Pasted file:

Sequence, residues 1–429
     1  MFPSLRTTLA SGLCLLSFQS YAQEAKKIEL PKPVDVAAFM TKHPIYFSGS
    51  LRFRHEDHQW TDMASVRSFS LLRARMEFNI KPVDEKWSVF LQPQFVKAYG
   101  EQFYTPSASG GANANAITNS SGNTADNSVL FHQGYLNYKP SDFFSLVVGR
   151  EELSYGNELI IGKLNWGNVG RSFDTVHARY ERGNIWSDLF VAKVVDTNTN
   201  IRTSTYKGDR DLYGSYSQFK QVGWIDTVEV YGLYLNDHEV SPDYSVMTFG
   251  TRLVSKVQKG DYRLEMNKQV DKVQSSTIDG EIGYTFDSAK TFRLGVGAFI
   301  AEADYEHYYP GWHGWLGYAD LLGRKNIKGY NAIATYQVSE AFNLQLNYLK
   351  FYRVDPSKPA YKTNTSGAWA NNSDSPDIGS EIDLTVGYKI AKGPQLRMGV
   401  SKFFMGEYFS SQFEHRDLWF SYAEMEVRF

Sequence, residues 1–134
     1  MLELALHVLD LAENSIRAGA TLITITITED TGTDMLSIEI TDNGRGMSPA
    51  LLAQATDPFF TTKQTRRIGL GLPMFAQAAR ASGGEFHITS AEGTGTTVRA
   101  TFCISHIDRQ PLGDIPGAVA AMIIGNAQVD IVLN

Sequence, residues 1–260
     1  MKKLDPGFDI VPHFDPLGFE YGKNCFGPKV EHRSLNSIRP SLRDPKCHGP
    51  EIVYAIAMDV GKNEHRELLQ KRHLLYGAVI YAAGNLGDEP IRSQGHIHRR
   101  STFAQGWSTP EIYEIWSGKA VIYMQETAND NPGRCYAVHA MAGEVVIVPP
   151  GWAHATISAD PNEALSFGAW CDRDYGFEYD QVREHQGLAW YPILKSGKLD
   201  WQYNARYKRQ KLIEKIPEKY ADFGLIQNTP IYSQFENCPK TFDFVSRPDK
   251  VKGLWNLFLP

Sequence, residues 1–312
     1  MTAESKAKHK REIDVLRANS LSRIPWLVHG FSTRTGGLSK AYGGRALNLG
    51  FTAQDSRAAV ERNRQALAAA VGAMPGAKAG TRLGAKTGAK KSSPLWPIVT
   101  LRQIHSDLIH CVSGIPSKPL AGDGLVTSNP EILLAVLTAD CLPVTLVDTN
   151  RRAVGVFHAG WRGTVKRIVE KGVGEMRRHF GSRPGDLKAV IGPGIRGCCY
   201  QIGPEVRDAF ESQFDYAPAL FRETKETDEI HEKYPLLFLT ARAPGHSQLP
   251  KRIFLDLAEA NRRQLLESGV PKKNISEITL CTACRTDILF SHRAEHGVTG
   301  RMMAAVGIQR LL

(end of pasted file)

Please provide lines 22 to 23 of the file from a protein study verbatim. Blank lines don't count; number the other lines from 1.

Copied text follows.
Sequence, residues 1–312
     1  MTAESKAKHK REIDVLRANS LSRIPWLVHG FSTRTGGLSK AYGGRALNLG